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DVD: “Lee Daniels’ The Butler,” “Fruitvale Station,” “Four,” & More!

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It’s a big week in home entertainment, ranging from acclaimed boldface Hollywood fare to low budget queer indies! Possible Oscar bait, Lee Daniels’ The Butler leads the charge, while that film’s star Forest Whitaker produced the moving Sundance buzz title, Fruitvale Station.

Also boasting strong performances, indie Four tracks a date between a DL married guy and teen newbie, while fellow drama Out Loud is the first gay film from Lebanon.

 

Lee Daniels’ The Butler

($39.99 Blu-ray, $29.98 DVD; Weinstein Co./Anchor Bay)

Forest Whitaker portrays Cecil Gaines, an African-American butler serving the White House for over 30 years in this historical epic  from director Lee Daniels and screenwriter Danny Strong. Reportedly inspired by the exploits of real-life, late White House fixture Eugene Allen, The Butler witnesses major events including desegregation efforts and the Vietnam war, with actors like Alan Rickman, Robin Williams, and John Cusack popping up as presidents and Oprah Winfrey as Gaines’ wife. Extras include featurettes.

 

Out Loud

($24.95 DVD; Ariztical)

This drama holds the distinction of being the first gay film from the largely Islamic country of Lebanon, focusing on a clique of friends including a queer couple, Rami and Ziad. When Rami’s homosexuality comes out, shaming his intensely conservative family, his and Ziad’s lives are in danger. The film’s progressive themes made its production a dangerous affair, details of which are shared in the extras’ 50-minute making-of documentary.

Four

($24.95 DVD; Wolfe Video)

Based on the Christopher Shinn play, director Joshua Sanchez’s feature debut charts a night in the lives of two couples: Joe, a closeted, middle-aged, African-American man on a date with a gay teen, June, and Joe’s daughter, Abigayle, who’s also out with a guy. Just maybe, the two family members will cross paths. The acting is suberb – Emory Cohen, Bradley Cooper’s delinquent son in The Place Beyond the Pines, portrays the emerging queer June, while The Wire’s Wendell Pierce took on the role of Joe, whose libido drives him as much as a sense of responsibility to steer the lad straight. Extras include a behind the scenes and audio commentary.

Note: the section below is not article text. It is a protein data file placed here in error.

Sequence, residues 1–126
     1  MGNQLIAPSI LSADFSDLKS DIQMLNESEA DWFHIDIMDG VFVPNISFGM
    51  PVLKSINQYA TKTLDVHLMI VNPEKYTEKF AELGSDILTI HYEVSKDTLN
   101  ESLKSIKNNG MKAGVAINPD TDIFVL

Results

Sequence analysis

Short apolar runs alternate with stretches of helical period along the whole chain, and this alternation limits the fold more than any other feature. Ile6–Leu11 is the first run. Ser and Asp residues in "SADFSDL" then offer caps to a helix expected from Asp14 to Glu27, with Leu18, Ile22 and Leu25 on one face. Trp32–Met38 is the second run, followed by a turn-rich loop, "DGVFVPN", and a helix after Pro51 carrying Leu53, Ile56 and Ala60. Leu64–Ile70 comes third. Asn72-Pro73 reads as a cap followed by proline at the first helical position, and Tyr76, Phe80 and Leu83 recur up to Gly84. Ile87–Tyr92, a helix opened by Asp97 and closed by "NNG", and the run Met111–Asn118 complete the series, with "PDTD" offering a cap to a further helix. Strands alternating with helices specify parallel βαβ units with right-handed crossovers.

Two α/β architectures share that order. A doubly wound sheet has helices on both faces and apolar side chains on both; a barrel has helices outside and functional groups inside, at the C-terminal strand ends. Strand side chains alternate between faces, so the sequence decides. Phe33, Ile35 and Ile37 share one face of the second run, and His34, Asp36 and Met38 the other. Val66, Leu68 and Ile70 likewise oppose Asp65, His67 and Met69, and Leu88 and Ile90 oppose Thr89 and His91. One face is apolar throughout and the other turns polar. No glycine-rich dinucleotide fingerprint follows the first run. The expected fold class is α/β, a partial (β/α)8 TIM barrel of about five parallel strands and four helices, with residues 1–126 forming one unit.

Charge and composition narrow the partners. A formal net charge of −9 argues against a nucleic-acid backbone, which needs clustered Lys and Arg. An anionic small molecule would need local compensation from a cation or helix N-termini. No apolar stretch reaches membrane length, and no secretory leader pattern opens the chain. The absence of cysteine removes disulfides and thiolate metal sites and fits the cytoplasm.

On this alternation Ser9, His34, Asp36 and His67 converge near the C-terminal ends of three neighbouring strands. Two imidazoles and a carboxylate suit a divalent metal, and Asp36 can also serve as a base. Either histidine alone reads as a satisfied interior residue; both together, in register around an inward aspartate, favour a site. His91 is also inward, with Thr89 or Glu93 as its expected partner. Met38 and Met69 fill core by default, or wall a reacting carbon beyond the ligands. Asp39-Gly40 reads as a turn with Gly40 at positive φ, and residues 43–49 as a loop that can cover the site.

Fruitvale Station

($39.99 Blu-ray, $29.98 DVD; Anchor Bay)

Winner of both the Grand Jury and Audience Awards at last years Sundance Film Festival, director Ryan Coogler’s debut feature dramatizes the last day in Oscar Grant, a 22-year-old African-American who was, appallingly, gunned down while restrained by Bay Area transit police officers in 2009. Actor Michael B. Jordan delivers an astonishing turn as Grant, and while the film takes some controversial artistic license, it’s a powerful piece of narrative about a really f*cked-up tragedy that shouldn’t have happened. Extras include a featurette about Grant and a filmmaker/cast Q&A.

 

ALSO OUT:

 

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Enough Said

Where I Am

Riddick

You’re Next

+1

Blue Caprice

Khumba

 

 

By:           Lawrence Ferber
On:           Jan 14, 2014
Tagged: , , , , , ,

  • 3 Comments
    • KDub
      KDub

      “Joe, a closeted, middle-aged, African-American man on a date with a gay teen” So we’re romanticizing pedophilia now?

      Jan 14, 2014 at 12:17 pm · @ReplyReply to this comment ·
    • LadyL
      LadyL

      @KDub: Was that really your take on the film and the character played by Wendell Pierce? It’s supposed to be a meditation on isolation and loneliness, and how it can drive decent people to do risky, foolish things. I haven’t yet seen the movie, but I’m willing to give it the benefit.
      …And I would be careful with tossing around the “p” word so casually. It’s easy to make knee-jerk assumptions, but a teenager is not (necessarily) a child and not every intergenerational relationship is exploitative.

      Jan 14, 2014 at 7:56 pm · @ReplyReply to this comment ·
    • frf61
      frf61

      Two things I took away from “Four”:

      1) The age of the “teen” is never mentioned and left ambiguous, I presume intentionally. Fretting over the legality of the relationship distracts from the intensity of the interaction between Joe and June.

      2) “Four,” based on a stage plate play, is a character study. None of the relationships here are romanticized. I can’t say enough good things about this movie and have been looking forward to the DVD to share with friends.

      Jan 15, 2014 at 6:17 am · @ReplyReply to this comment ·

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